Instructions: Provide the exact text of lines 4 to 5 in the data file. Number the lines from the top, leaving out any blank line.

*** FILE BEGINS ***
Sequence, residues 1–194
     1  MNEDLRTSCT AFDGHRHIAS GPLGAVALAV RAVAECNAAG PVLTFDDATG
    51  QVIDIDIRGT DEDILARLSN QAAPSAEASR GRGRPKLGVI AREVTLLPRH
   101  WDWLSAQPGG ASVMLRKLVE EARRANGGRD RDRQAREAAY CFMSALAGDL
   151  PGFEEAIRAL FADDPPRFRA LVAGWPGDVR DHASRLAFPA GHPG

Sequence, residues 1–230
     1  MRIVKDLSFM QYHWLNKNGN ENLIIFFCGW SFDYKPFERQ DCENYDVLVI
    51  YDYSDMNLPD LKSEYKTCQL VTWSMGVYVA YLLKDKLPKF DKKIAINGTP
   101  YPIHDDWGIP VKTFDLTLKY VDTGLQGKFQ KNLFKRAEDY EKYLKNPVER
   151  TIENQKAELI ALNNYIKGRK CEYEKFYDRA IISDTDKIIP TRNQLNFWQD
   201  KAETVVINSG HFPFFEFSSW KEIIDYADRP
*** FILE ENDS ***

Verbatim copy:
   101  WDWLSAQPGG ASVMLRKLVE EARRANGGRD RDRQAREAAY CFMSALAGDL
   151  PGFEEAIRAL FADDPPRFRA LVAGWPGDVR DHASRLAFPA GHPG